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Skin Deeper: Nanotechnology and Cosmetics

Skin Deeper: Nanotechnology and Cosmetics

Deeper, faster, further. As if there weren’t enough concerns about the toxicity of cosmetic chemicals, manufacturers are rushing to incorporate nanotechnology that uses particles 80,000 times smaller than the width of a human hair. Nanotechnology has been touted as the next revolution in cosmetics and packaging. However, nanoparticles, being so tiny, have the potential to penetrate unusually deeply into the skin and organs, causing exotic physical effects.

Animal studies show that some nanoparticles can penetrate cells and tissues, move through the body and brain and cause biochemical damage. As one example, carbon fullerenes–also called buckyballs, and currently being used in some moisturizers–can cause brain damage in fish, and even low levels of exposure can be toxic to human liver cells. The health impacts of nanomaterials in cosmetics and sunscreens remain largely unknown, pending completion of long-range studies that have only recently begun. But that’s not stopping the cosmetics industry from leading the charge to incorporate the inadequately tested technology into products we put on our faces and in our hair.

“In one of the most dramatic failures of regulation since the introduction of asbestos, corporations around the world are rapidly introducing thousands of tons of nanomaterials into the environment and onto the faces and hands of hundreds of millions of people, despite the growing body of evidence indicating that nanomaterials can be toxic for humans and the environment,” said a May 2006 report by Friends of the Earth. The group filed the first-ever legal challenge on the potential health impacts of nanotechnology in a 2006 petition to the FDA, demanding that the agency monitor and regulate nanoparticles in cosmetics.

Hundreds of personal care products already contain nano-sized ingredients, and thousands more contain ingredients that are available in nano form but don’t include information about particle size on the labels, according to a Skin Deep analysis. Since nano-sized ingredients are absorbed differently into the body, they require separate safety studies. But as Iane Houlihan noted, “Manufacturers seem to be following the pattern they established with conventional chemical ingredients–put poorly tested chemicals into personal care products and do the science later, if at all.”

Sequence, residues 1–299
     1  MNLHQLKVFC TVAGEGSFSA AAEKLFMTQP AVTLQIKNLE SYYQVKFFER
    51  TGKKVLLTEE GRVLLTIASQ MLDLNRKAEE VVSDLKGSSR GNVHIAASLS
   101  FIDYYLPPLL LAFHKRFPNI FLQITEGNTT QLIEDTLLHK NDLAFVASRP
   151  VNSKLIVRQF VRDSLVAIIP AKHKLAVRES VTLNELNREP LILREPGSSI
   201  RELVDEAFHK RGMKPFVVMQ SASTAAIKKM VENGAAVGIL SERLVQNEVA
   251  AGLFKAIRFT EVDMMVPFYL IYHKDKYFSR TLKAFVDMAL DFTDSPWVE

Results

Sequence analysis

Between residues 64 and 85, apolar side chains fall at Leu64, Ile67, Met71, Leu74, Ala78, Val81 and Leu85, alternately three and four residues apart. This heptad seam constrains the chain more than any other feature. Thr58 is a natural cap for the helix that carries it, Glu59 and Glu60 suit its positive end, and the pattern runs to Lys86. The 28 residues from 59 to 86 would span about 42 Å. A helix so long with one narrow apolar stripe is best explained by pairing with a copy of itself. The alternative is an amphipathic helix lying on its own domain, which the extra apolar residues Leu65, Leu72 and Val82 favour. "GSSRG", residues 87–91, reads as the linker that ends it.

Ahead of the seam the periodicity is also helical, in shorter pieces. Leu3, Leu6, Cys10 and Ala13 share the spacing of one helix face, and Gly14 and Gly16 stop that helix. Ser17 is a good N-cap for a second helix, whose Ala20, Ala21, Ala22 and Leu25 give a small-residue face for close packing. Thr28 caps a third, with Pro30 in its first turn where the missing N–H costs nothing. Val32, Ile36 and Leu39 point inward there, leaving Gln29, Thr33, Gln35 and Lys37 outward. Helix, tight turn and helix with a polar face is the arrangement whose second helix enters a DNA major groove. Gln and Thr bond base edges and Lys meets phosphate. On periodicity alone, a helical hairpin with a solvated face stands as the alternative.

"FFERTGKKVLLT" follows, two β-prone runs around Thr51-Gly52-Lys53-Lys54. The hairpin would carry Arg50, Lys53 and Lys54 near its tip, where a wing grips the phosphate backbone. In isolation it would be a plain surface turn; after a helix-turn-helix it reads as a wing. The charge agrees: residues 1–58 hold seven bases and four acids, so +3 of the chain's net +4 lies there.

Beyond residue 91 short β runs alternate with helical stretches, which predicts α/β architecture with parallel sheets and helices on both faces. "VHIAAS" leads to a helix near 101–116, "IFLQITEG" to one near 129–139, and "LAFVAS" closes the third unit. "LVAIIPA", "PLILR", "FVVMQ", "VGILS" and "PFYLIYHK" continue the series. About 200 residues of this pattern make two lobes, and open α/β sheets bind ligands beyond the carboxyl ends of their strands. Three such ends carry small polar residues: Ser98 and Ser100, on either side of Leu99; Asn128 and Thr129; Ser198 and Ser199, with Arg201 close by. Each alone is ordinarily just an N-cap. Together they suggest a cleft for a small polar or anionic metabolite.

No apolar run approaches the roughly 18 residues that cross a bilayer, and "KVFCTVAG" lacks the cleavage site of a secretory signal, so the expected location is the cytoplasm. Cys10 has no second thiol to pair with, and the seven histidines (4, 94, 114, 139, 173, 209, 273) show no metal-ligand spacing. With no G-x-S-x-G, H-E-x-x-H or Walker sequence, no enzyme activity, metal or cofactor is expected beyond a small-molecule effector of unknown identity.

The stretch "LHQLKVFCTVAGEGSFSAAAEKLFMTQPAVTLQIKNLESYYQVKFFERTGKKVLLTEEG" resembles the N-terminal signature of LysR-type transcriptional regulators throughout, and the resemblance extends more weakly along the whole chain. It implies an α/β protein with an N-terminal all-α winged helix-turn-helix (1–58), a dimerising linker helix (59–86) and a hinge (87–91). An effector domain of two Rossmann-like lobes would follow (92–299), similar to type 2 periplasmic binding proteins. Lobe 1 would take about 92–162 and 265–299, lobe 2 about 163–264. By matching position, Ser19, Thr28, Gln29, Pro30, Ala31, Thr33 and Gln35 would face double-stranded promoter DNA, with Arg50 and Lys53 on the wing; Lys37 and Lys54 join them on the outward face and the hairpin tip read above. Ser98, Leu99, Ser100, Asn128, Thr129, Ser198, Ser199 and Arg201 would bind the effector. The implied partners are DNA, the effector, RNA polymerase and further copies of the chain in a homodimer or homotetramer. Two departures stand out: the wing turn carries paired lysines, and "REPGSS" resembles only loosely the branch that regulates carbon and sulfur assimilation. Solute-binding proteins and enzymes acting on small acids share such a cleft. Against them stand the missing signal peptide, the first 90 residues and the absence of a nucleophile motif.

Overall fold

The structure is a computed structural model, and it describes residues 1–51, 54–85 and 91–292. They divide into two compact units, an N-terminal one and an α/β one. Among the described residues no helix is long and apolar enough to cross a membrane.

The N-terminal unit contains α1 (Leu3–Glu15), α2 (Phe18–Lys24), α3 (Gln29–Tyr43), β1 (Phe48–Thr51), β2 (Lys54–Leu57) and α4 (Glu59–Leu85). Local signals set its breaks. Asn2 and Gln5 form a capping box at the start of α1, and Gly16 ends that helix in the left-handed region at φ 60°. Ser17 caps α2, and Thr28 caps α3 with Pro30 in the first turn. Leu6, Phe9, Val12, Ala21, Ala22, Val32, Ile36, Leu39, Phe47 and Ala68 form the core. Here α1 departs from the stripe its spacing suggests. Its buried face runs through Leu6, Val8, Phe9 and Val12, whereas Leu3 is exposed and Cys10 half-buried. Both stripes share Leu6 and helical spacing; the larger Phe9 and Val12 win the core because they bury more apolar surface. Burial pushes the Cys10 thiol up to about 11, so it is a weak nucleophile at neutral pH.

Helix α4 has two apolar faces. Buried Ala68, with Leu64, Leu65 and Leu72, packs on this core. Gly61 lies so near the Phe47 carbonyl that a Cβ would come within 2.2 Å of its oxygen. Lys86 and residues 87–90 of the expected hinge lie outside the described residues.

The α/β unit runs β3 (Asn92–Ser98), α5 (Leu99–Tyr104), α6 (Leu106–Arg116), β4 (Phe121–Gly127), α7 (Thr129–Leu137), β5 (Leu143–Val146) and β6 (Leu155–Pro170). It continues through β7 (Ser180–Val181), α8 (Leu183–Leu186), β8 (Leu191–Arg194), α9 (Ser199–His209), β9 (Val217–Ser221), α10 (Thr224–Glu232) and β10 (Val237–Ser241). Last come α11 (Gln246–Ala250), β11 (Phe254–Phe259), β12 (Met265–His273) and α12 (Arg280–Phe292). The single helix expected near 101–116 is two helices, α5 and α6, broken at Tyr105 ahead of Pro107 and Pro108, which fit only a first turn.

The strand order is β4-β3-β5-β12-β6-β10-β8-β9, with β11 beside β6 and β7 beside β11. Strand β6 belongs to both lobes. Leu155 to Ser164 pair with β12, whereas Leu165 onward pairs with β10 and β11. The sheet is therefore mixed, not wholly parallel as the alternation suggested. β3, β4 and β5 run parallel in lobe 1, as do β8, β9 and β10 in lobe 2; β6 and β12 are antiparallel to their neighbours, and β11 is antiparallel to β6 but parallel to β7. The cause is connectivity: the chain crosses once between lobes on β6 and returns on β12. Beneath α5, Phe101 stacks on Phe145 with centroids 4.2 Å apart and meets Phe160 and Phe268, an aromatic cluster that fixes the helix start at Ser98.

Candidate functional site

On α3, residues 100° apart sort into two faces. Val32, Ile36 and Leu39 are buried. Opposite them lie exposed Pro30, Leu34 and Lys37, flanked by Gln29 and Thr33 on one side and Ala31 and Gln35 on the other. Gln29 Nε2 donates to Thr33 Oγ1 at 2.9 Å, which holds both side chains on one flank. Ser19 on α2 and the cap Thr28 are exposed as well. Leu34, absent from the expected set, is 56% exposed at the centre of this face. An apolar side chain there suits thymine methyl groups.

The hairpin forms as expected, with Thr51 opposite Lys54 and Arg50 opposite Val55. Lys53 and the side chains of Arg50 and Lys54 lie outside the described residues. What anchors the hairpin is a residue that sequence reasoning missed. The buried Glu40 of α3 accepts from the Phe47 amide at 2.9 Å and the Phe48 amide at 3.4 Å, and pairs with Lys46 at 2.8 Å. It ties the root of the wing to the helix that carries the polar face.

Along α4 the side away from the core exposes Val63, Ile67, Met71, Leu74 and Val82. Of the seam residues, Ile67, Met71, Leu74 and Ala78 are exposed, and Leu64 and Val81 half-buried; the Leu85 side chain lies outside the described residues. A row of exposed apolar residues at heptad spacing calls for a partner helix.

With no safety framework and little government oversight, the cosmetics industry is operating in a virtual Wild West. And the West has gotten wilder still.

• Nanoemulsians in shampoo encapsulate active ingredients and carry them deeper into hair shafts.
• Nanosomes of Pro—Retinol A penetrate the skin’s surface to soften wrinkles and reduce the appearance of fine neck creases.
• Nanovectors transport and concentrate active ingredients in the skin.

In the absence of federal regulations, some cities are trying to get a handle on the situation. Berkeley, Calif., became the first city to regulate nanotechnology in December 2006, and other cities may follow suit. Under the Berkeley law, companies and research labs that make or use nanoparticles must disclose that fact to the city government and provide information about known health or safety risks.

Adapted from Not Just A Pretty Face: The Ugly Side of the Beauty Industry by Stacy Malkan (New Society Publishers, 2007).

Read more: Beauty, Holistic Beauty, Make-Up, , ,

Adapted from Not Just A Pretty Face: The Ugly Side of the Beauty Industry by Stacy Malkan (New Society Publishers, 2007).

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Melissa Breyer

Melissa Breyer is a writer and editor with a background in sustainable living, specializing in food, science and design. She is the co-author of True Food (National Geographic) and has edited and written for regional and international books and periodicals, including The New York Times Magazine. Melissa lives in Brooklyn, NY.

35 comments

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  • 3:14AM PDT on May 15, 2015

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